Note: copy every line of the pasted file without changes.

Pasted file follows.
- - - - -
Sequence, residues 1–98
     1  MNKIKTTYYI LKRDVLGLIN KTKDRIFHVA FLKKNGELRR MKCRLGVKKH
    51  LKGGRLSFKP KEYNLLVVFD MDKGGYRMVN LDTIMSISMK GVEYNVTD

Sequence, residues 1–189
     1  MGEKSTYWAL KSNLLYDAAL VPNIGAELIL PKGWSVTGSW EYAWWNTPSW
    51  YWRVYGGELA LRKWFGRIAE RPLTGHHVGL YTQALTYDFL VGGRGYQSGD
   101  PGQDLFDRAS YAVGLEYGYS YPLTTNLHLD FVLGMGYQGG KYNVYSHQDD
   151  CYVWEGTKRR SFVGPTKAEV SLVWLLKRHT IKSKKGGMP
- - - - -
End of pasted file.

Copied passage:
Sequence, residues 1–98
     1  MNKIKTTYYI LKRDVLGLIN KTKDRIFHVA FLKKNGELRR MKCRLGVKKH
    51  LKGGRLSFKP KEYNLLVVFD MDKGGYRMVN LDTIMSISMK GVEYNVTD

Sequence, residues 1–189
     1  MGEKSTYWAL KSNLLYDAAL VPNIGAELIL PKGWSVTGSW EYAWWNTPSW
    51  YWRVYGGELA LRKWFGRIAE RPLTGHHVGL YTQALTYDFL VGGRGYQSGD
   101  PGQDLFDRAS YAVGLEYGYS YPLTTNLHLD FVLGMGYQGG KYNVYSHQDD
   151  CYVWEGTKRR SFVGPTKAEV SLVWLLKRHT IKSKKGGMP